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Why the U.S. Needs a Vaccine Requirement for Domestic Travel—and Is Unlikely to Get One | Frommer's Chizhevskaya Ekaterina / Shutterstock

Why the U.S. Needs a Vaccine Requirement for Domestic Travel—and Is Unlikely to Get One

Should the United States require people who are traveling within the country to be fully vaccinated against Covid-19? Or, barring that, should passengers at least have to show that they recently tested negative for the virus?

Infectious disease and public health experts, at least 6 in 10 Americans (according to months of polling), and those of us who believe last winter's Covid surge was fueled by holiday travel and not [insert wild-eyed conspiracy theory here], would all say yes.

Vehemently opposed are airlines, many politicians and nihilistic media pundits, and those whose idea of personal freedom involves the right to spread serious viruses as the Founders intended. 

To be fair, the airlines' opposition to a vaccine requirement for domestic travel has less to do with politics than with the fact that they don't wanna.

Though the majority of carriers now require their employees to be vaccinated, airline executives and trade associations such as the International Air Transport Association (IATA) argue that a similar mandate for domestic flyers would introduce too much "operational complexity" for the aviation industry to bear.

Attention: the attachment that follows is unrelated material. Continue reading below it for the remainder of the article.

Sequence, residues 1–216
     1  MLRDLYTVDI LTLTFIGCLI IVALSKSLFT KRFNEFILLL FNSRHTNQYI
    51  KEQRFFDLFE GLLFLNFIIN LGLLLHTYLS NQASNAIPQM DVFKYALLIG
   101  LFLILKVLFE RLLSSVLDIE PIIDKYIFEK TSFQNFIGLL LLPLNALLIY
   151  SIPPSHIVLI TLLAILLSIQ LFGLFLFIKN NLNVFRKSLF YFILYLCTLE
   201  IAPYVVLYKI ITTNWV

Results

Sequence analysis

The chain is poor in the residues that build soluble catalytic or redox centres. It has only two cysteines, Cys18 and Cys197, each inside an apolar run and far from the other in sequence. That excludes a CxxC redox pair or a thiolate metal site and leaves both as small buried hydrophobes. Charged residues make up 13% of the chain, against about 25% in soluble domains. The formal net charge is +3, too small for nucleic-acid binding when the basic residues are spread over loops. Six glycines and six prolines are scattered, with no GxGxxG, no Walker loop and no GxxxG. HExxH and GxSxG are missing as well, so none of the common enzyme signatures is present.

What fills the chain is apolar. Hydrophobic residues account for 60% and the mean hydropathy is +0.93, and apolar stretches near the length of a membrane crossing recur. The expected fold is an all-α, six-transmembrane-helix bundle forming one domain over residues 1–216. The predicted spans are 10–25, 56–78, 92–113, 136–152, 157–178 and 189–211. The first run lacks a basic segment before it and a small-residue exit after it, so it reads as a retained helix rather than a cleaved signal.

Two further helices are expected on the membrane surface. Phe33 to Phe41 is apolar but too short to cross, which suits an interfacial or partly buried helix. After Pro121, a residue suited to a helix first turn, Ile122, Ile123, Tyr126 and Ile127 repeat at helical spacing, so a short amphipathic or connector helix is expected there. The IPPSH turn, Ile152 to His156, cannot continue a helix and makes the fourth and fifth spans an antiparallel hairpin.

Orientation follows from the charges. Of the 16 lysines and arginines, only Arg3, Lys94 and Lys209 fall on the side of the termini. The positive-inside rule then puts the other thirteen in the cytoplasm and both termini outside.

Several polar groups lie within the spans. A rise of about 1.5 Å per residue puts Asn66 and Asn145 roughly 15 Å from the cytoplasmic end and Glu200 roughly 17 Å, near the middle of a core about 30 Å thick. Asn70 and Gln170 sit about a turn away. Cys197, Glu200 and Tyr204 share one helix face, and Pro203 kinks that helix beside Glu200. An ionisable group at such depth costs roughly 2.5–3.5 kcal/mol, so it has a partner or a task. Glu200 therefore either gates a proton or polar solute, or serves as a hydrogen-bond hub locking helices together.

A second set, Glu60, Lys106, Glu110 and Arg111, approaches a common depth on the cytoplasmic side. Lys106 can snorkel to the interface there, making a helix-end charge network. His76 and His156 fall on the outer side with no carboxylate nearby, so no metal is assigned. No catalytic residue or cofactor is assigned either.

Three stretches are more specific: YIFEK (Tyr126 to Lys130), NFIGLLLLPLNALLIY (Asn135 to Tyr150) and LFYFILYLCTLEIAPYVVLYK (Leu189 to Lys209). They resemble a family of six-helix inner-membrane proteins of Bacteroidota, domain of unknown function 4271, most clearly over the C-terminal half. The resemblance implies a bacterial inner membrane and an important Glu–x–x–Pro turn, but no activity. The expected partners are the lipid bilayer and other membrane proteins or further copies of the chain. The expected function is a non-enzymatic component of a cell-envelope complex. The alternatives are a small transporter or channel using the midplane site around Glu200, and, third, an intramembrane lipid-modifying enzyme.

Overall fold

“It would mean that people would have to come to the airports earlier, it would mean longer lines, it would mean more people needed to perform these functions," warned JetBlue CEO Robin Hayes at IATA's annual meeting last week, "and we’re not sure at the moment if the system is ready for that."

What's more, the carriers say, studies—including one administered by the U.S. Department of Defense—have found that planes' circulation systems leave cabins with pristine air and make virus transmission unlikely if all the passengers on board wear their masks properly (which is an if about the size of a Boeing 777).

Needless to say, the airlines will not be backing the U.S. Air Travel Public Safety Act, a bill introduced late last month by California Sen. Dianne Feinstein. The legislation would require all passengers on domestic airline flights to either be fully vaccinated, have recently tested negative for Covid-19, or have recently recovered in full from the virus. (Virginia Rep. Don Beyer has introduced a similar bill that would apply to rail travel on Amtrak.)

Such a requirement would be less onerous than what the U.S. is asking of international visitors when inbound tourism resumes next month because those travelers will need to present proof of vaccination in addition to negative test results.

Feinstein is proposing an either/or situation for domestic flyers—if you're opposed to or ineligible for vaccination for some reason, you can take a test instead. That way, no person free of the virus would be barred from flights.

In a statement, Feinstein notes that the bill has the support of the Infectious Diseases Society of America and the American Public Health Association.